- A. di Sabatino, K. M. Pickard, D. Rampton et al., “Blockade of transforming growth factor β upregulates T-box transcription factor T-bet, and increases T helper cell type 1 cytokine and matrix metalloproteinase-3 production in the human gut mucosa,” Gut, vol. 57, no. 5, pp. 605–612, 2008.
- G. Monteleone, A. Kumberova, N. M. Croft, C. McKenzie, H. W. Steer, and T. T. MacDonald, “Blocking Smad7 restores TGF-β1 signaling in chronic inflammatory bowel disease,” Journal of Clinical Investigation, vol. 108, no. 4, pp. 601–609, 2001.
- B. P. Vickery, S. Chin, and A. W. Burks, “Pathophysiology of food allergy,” Pediatric Clinics of North America, vol. 58, no. 2, pp. 363–376, 2011.
- B. P. Vickery, A. M. Scurlock, S. M. Jones et al., “Mechanisms of immune tolerance relevant to food allergy,” Journal of Allergy and Clinical Immunology, vol. 127, no. 3, pp. 576–584, 2011.
- S. M. Wahl, D. A. Hunt, and L. M. Wakefield, “Transforming growth factor type β induces monocyte chemotaxis and growth factor production,” Proceedings of the National Academy of Sciences of the United States of America, vol. 84, no. 16, pp. 5788–5792, 1987.
- D. Mucida, N. Kutchukhidze, A. Erazo, M. Russo, J. J. Lafaille, and M. A. Curotto De Lafaille, “Oral tolerance in the absence of naturally occurring Tregs,” Journal of Clinical Investigation, vol. 115, no. 7, pp. 1923–1933, 2005.
- T. A. Chatila, “Extra-intestinal manifestations of gastro-intestinal allergy: effector and regulatory T cells in the balance,” Clinical and Experimental Allergy, vol. 37, no. 10, pp. 1417–1418, 2007.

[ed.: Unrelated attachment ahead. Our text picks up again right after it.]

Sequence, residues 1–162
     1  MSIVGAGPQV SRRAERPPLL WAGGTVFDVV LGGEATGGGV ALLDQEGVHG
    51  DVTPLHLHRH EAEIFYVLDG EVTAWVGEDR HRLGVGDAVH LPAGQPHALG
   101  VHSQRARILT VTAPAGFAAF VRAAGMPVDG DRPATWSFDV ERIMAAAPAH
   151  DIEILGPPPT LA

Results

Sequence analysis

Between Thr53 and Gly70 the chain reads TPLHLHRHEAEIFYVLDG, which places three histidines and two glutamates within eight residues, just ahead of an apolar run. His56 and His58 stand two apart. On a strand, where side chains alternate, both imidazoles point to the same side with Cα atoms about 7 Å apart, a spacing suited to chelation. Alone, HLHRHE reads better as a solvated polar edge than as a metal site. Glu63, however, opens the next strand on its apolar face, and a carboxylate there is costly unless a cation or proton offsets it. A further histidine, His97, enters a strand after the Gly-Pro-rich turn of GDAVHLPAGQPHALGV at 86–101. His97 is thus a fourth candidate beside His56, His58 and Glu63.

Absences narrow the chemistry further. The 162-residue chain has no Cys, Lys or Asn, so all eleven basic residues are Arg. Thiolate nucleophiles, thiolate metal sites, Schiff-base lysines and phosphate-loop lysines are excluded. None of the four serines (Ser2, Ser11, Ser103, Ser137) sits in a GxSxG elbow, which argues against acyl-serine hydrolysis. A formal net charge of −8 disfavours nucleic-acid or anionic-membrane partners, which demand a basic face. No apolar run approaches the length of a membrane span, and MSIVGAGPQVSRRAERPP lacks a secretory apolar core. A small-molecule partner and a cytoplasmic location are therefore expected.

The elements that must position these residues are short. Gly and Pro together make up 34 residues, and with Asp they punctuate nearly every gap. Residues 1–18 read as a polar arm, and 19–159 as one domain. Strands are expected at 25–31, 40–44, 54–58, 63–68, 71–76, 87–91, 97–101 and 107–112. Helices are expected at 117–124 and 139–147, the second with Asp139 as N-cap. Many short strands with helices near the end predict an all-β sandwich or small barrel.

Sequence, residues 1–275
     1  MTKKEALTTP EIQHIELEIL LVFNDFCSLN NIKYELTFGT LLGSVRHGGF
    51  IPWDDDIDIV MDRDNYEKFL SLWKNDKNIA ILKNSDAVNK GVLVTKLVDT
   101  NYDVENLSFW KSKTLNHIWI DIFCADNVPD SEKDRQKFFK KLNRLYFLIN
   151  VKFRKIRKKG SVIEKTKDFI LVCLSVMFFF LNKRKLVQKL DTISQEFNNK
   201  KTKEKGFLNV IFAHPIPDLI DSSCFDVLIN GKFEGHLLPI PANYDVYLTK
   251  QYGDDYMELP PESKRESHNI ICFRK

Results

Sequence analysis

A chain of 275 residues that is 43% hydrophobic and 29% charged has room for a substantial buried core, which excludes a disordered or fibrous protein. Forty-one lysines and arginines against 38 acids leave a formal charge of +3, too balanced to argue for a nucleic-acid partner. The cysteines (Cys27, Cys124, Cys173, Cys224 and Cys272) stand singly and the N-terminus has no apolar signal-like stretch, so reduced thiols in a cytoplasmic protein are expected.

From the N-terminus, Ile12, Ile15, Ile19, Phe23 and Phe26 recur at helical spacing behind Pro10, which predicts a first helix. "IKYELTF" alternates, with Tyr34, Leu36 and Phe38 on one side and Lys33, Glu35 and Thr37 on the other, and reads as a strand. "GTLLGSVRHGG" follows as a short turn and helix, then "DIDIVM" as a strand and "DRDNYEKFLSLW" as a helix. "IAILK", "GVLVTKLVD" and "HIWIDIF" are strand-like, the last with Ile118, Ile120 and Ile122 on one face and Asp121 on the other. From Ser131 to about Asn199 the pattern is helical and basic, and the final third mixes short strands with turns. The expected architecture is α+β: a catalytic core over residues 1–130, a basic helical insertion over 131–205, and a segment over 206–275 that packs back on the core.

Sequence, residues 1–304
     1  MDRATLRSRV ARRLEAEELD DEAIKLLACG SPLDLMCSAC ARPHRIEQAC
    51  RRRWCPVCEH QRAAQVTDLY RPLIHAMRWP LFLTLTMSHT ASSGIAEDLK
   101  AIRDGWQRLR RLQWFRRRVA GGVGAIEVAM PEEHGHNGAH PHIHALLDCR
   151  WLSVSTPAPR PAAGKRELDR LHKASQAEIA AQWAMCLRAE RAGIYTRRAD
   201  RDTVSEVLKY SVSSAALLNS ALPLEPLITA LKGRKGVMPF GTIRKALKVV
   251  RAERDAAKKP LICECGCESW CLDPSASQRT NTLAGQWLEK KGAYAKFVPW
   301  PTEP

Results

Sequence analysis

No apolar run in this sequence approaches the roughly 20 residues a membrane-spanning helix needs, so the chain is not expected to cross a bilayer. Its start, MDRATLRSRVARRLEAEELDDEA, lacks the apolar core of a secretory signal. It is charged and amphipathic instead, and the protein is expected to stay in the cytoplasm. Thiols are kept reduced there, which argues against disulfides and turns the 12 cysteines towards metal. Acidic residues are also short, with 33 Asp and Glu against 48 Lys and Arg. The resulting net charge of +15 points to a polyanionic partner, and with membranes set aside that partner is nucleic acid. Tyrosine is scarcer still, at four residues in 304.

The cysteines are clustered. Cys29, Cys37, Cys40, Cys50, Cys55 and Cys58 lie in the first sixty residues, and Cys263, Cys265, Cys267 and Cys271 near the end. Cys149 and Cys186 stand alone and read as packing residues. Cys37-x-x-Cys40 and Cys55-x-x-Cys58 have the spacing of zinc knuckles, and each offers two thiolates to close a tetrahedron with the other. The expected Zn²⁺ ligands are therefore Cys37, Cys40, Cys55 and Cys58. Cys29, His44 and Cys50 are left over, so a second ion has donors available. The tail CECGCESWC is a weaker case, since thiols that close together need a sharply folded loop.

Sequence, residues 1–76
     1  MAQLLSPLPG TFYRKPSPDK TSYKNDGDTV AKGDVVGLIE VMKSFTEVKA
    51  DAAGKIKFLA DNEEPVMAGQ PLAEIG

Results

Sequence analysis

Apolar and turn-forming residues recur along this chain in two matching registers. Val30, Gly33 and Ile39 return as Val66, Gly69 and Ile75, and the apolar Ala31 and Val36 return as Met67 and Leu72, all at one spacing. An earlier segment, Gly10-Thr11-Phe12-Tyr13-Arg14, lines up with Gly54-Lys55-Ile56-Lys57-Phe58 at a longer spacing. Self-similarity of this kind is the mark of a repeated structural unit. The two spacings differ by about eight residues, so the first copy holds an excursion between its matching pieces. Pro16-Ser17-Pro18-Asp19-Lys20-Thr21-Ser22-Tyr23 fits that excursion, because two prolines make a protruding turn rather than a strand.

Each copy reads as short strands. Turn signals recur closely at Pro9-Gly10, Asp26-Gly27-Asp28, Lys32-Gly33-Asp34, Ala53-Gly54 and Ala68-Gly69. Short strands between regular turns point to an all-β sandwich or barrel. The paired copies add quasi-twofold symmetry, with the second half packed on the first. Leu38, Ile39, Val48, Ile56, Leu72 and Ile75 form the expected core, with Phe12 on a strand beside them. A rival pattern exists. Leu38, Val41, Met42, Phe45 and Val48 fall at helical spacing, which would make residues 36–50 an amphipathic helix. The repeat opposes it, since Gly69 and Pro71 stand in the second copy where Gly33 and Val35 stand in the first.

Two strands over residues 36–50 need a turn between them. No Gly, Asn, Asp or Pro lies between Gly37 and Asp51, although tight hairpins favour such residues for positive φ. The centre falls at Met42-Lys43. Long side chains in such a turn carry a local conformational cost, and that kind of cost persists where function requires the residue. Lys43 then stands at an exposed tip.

- T. R. Torgerson, A. Linane, N. Moes et al., “Severe food allergy as a variant of IPEX syndrome caused by a deletion in a noncoding region of the FOXP3 gene,” Gastroenterology, vol. 132, no. 5, pp. 1705–1717, 2007.
- E. Xystrakis, S. E. Boswell, and C. M. Hawrylowicz, “T regulatory cells and the control of allergic disease,” Expert Opinion on Biological Therapy, vol. 6, no. 2, pp. 121–133, 2006.
- M. Westerholm-Ormio, O. Vaarala, M. Tiittanen, and E. Savilahti, “Infiltration of Foxp3-and Toll-like receptor-4-positive cells in the intestines of children with food allergy,” Journal of Pediatric Gastroenterology and Nutrition, vol. 50, no. 4, pp. 367–376, 2010.
- M. Chehade and L. Mayer, “Oral tolerance and its relation to food hypersensitivities,” Journal of Allergy and Clinical Immunology, vol. 115, no. 1, pp. 3–13, 2005.
- G. Lack, “The concept of oral tolerance induction to foods,” Nestle Nutrition Workshop Series: Pediatric Program, vol. 59, pp. 63–68, 2007.
Copyright © 2012 Adaweyah El-Merhibi et al. This is an open access article distributed under the Creative Commons Attribution License, which permits unrestricted use, distribution, and reproduction in any medium, provided the original work is properly cited.